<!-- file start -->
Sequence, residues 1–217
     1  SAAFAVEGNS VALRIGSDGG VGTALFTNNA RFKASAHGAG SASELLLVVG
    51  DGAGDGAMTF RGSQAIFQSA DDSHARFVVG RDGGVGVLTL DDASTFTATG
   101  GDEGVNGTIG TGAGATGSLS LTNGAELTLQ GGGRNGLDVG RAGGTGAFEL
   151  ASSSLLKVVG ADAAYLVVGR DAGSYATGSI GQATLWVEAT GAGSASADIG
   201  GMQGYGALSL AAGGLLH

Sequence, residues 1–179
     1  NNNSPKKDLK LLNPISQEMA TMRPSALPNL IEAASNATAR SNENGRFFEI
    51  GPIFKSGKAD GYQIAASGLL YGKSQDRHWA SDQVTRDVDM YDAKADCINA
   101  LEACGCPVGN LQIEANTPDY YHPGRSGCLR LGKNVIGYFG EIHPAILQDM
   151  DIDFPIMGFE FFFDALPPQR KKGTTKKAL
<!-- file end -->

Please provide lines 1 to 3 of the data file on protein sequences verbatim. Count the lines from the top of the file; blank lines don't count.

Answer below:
Sequence, residues 1–217
     1  SAAFAVEGNS VALRIGSDGG VGTALFTNNA RFKASAHGAG SASELLLVVG
    51  DGAGDGAMTF RGSQAIFQSA DDSHARFVVG RDGGVGVLTL DDASTFTATG